Demolition of historic Meath Park church 'a decision that nobody wanted to have to make'
Bylaw officer for village says failing foundation of church was a safety concern
A 60-year-old church in the village of Meath Park, Sask., has been demolished despite backlash from some in the community, 170 kilometres northeast of Saskatoon.
"It was a decision that nobody wanted to have to make," said Meath Park's bylaw officer, Chris Letendre, in an official statement.
The statement said the village began demolition of the former St. Mary's Ukrainian Catholic Church on Tuesday due to "significant structural failure of the building's foundation leading to a compromised floor structure, the south-facing load-bearing wall and roof assembly."
Pauline Bear, one of the board members for the Country Gospel Fellowship, said the fellowship's pastor, Abrom Friesen, owns the church and its property. She said they were not notified of the impending demolition until March 16.
Bear said she went to the property last Monday morning and was able to delay action on the demolition until Tuesday at 1 p.m.
"There was no way that I was going to allow them to tear down this church without at least a fight," Bear said.
"I don't understand why the public was not notified about it because it's a historical church. I wasn't going to let this church come down without the public knowing that it's coming down."
Bear said she was not given time to get anything out of the church and eventually she and Friesen were escorted off of the property by RCMP.
"I felt that we should have at least enough respect to take down the stained glass and different things," said Bear. "We're tired of fighting. But it's not right, the way they did it."
The church was constructed between 1958 and 1959. Bear said Friesen purchased the church 17 years ago to reopen it, but the village was already trying to condemn it at the time.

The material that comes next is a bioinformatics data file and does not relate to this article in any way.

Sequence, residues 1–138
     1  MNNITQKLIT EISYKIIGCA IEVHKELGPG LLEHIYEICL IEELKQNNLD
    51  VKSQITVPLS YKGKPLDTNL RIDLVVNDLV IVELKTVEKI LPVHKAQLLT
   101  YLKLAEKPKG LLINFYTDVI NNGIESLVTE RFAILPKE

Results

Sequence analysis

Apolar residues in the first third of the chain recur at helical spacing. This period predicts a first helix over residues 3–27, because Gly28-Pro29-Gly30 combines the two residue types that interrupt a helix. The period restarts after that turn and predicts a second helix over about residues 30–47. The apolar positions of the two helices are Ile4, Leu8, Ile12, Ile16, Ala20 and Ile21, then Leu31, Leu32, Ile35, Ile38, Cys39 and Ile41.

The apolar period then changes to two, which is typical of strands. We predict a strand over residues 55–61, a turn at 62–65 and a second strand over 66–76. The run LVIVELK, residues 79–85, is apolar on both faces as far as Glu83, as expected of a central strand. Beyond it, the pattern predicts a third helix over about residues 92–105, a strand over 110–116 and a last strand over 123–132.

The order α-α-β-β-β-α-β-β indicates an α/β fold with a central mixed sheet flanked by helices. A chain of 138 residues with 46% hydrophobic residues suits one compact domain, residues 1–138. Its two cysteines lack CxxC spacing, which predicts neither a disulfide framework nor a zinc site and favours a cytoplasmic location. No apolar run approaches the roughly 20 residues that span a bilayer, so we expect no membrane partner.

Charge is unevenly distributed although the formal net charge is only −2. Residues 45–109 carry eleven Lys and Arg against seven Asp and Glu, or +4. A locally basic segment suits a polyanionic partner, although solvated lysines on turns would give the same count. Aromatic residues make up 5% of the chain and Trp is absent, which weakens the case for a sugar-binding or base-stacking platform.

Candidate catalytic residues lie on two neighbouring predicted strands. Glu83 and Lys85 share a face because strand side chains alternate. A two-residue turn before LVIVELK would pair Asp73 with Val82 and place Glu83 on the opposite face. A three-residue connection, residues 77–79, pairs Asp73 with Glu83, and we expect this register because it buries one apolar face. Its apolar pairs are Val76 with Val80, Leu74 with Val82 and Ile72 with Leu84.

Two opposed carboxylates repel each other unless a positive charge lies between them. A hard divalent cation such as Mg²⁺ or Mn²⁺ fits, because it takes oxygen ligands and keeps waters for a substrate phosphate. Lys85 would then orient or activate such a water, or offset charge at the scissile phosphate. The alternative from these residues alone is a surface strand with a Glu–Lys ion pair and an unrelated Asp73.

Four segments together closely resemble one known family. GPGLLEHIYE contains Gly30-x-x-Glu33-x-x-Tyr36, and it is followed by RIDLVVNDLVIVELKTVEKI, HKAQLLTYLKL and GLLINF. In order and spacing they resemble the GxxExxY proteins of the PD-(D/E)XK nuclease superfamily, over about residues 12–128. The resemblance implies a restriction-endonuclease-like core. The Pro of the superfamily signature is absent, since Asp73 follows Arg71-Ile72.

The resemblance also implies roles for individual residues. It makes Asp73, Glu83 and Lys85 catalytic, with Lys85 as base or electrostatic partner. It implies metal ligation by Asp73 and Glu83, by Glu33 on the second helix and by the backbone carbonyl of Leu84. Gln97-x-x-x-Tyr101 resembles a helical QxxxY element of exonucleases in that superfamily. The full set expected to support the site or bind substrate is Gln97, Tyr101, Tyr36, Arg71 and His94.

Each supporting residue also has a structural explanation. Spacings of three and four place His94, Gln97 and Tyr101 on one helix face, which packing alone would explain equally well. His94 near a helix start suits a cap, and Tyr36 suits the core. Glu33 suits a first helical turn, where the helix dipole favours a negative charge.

Village says owner was warned
When Letendre was appointed as the village's bylaw and building officer in 2017, he said he inspected the building and found out the basement was open to the outside where the foundation had collapsed, all the exterior doors were left open and only a few windows were left intact, due to people trespassing on the property and entering the building.
The structure itself was slumped down over the failed foundation.
"I had sent out a personal letter introducing myself to Mr. Friesen and requesting that he secure the property because the foundation had failed and there was school children crossing the street and trespassing onto the property," Letendre told CBC. "He just didn't do anything."
Letendre said he sent an "order to remedy" to Friesen on May 29, 2017, ordering for either the completion of the repairs of the demolition of the building by June 30. He had the option to appeal on or before June 13, but didn't do so, Letendre said.
The village's Nuisance Abatement Bylaw and the province's Municipalities Act give the village "the authority to take action to eliminate the danger the building posed," Letendre said in his statement.
Bear maintains that Friesen did not receive a registered letter notifying him of the action required.
"After deliberation, and the lack of effort to secure the [building] to prevent people from entering the building done by the property owner, it was determined that the building was beyond the owner's means of care or repair," Letendre's statement said.
He said it was decided "that the village must follow through with the order to remedy of the church to prevent rodent infestation, trespassing, fire hazards or the possibility of injury, or worse yet the loss of life in the building by means of demolition."